Botany Ensures Border Security

Australian Quarantine and Inspection Service
BSc (Tropical Marine Science) 2006

Minimum $47,000
Maximum $56,000
Average $51,500 p.a.

AS an island, Australia has a natural barrier against the incursion of pests and disease – a barrier this UQ Science graduate works to preserve on a daily basis.

Daniel Salomone, 23, is a quarantine officer with the Australian Quarantine and Inspection Service (AQIS), based at Brisbane International Airport.

There, he spends his time inspecting different commodities that people import into Australia, and helping to manage the risks associated with the entry of exotic pests, weeds and diseases – which have the potential to kill thousands of native animals and plants, or severely harm entire ecosystems and, consequently, the economy.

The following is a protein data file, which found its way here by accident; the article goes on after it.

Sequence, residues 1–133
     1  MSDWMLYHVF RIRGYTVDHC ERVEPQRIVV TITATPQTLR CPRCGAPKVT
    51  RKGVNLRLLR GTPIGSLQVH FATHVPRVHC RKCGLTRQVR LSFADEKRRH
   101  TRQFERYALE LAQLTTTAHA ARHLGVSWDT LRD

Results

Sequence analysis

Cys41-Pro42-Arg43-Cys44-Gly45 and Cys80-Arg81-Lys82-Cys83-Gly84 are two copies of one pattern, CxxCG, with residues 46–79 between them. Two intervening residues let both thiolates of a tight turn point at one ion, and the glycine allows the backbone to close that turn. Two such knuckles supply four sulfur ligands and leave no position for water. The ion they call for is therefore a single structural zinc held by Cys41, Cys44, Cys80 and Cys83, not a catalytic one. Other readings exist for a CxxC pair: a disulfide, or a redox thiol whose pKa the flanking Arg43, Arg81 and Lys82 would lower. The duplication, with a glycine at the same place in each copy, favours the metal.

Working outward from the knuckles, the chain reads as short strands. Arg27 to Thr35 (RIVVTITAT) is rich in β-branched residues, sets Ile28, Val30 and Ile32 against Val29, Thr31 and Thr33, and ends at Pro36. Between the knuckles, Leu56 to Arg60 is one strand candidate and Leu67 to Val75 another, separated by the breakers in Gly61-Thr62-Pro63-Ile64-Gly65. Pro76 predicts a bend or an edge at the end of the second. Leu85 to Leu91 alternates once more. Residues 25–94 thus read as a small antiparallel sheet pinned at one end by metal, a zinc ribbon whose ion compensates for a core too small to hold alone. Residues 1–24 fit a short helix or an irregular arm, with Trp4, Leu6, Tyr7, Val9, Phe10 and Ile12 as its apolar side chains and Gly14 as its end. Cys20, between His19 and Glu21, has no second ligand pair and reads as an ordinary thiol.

“I really enjoy going to work every day and being presented with different weird, wonderful and interesting commodities from all over the world,” Daniel says.

“When I assess a commodity as not meeting quarantine requirements, the knowledge that I have helped protect something as unique as Australia is very rewarding.”

Daniel, who graduated with a Bachelor of Science (tropical marine science) in 2006, says he enriched his major by choosing to study a variety of botany subjects.

“I have always wanted to help contribute to the greater good and after learning in depth about AQIS and its goals, I set out to complete subjects that would aid me in my quest,” he says.

Daniel says without the “opportunity and flexibility” UQ gave him to study different subjects, he would not have achieved what he has to date.

“I am now where I want to be: working for AQIS to help protect something that I am extremely passionate about – Australia’s ecosystems.”